Appearing on the Fox News show On the Record to discuss a recently released documentary about Bush on the campaign trail, Lowry hailed him as "a more traditional, red-blooded guy" than Al Gore: "He's tough. He's manly….He's not very reflective." To Lowry, it turns out, even familiarity with "hip" pop culture products such as Sex and the City—a familiarity that Bush, in the documentary, appears to lack—denotes excessive intellectualism and elitism. "Bush probably knows more about NASCAR, which is more tuned into what most Americans care about, than any of these reporters writing about him," he commented.

These are, remember, the same conservatives who decry the sad state of our educational system, college students' ignorance of history, and the fact that universities are abandoning the great classics for the study of popular culture. Even on a populist (but smart) show like The O'Reilly Factor, a faintly sarcastic attitude toward academics coexists with indignation at the decline of academic standards and the proliferation of junk courses at prestigious schools. (One might say, of course, that the current state of academic thinking is a good reason for sarcasm toward academics.)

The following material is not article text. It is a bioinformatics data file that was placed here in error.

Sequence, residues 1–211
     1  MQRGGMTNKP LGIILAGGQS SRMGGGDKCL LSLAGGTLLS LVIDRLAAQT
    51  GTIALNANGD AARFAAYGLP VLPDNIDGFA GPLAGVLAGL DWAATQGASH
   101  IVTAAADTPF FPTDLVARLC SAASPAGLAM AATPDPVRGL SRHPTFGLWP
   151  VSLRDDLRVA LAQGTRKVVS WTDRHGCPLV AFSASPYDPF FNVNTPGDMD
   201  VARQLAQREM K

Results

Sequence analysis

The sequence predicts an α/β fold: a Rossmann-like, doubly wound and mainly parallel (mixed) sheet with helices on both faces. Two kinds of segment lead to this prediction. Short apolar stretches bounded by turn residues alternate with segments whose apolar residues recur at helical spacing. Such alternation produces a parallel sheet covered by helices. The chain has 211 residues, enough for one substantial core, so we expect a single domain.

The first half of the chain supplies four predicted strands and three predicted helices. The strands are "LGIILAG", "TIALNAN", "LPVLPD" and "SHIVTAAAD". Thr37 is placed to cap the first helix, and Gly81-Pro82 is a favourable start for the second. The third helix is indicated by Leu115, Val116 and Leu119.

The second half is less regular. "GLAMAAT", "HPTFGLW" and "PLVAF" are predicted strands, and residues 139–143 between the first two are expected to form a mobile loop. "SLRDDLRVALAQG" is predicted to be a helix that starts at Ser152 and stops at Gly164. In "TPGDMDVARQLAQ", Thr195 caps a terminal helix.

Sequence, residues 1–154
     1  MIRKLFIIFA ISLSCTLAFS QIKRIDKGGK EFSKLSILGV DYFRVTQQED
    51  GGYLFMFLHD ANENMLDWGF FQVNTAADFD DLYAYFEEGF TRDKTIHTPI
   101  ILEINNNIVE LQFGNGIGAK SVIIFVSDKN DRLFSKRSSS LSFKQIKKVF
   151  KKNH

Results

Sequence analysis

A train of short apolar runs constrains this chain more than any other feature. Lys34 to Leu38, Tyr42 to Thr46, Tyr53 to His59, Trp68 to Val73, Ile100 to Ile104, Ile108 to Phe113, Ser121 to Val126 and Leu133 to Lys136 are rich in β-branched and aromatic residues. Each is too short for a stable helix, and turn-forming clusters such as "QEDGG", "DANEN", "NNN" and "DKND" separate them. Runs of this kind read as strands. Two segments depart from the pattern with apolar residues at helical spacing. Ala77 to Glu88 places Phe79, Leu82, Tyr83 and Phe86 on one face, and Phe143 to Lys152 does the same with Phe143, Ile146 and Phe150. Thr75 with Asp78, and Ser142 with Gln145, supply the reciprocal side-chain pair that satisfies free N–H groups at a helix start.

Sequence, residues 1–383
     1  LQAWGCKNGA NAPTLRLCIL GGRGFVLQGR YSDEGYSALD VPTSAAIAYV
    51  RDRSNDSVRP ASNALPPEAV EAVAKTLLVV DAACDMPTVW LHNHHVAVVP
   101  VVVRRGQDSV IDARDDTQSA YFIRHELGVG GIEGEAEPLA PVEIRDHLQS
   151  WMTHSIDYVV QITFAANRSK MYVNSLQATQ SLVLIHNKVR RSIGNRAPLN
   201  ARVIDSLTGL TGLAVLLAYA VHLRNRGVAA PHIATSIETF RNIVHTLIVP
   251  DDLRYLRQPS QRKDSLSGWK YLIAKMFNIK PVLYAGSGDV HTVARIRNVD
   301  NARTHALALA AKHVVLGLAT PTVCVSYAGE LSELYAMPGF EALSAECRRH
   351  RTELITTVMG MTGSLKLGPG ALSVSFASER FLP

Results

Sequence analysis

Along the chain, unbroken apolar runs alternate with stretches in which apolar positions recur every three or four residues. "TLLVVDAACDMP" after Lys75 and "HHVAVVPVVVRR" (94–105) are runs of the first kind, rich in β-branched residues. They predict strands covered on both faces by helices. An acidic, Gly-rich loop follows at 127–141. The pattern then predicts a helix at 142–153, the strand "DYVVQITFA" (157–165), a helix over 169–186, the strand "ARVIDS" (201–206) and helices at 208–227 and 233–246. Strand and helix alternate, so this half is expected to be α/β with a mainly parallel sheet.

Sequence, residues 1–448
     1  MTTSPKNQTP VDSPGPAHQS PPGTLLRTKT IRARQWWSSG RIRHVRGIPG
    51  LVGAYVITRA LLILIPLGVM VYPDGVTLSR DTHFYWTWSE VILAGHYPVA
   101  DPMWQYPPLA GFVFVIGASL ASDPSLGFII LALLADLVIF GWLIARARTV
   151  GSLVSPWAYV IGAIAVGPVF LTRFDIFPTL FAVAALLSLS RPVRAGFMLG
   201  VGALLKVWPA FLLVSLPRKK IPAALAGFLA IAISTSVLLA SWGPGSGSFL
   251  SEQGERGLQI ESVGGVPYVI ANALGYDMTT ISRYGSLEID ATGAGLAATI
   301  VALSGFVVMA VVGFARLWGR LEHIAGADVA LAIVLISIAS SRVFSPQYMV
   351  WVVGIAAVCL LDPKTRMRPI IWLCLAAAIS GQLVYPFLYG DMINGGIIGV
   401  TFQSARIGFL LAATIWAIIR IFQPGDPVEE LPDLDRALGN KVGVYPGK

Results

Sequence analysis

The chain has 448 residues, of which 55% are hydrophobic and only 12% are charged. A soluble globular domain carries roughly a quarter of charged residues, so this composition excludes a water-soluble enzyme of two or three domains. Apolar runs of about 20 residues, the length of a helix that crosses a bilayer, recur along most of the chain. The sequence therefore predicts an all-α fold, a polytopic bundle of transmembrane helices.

What's more, in their screeds against the pointy-heads, conservatives are missing a key point: It is a startling indictment of the so-called liberal elites that Al Gore is their idea of an intellectual. As New York Observer columnist Ron Rosenbaum (a Democrat) wrote just before the 2000 election, in a scathing essay deconstructing Gore's pretentious, vapid ramblings, "If George W. Bush is a lightweight, Al Gore is a deep lightweight: deep on the surface, profoundly shallow down below….Al Gore is the Emperor's New Brain."

Unfortunately, such insights into the foibles of one's own side are fairly rare. For the most part, we hear from the usual suspects—smug liberals like Sorkin, who laments that Gore had to "try so hard not to appear smart in the debates," and smug conservatives like Lowry, who proclaim that real men don't need brains.

It is neither smart nor attractive for liberals, the self-professed champions of the little people, to scorn the vast majority of their fellow citizens as mindless yahoos. But conservatives don't look much better when, after lambasting the left for feeding on resentment of economic success, they pander to resentment of intellectual achievement.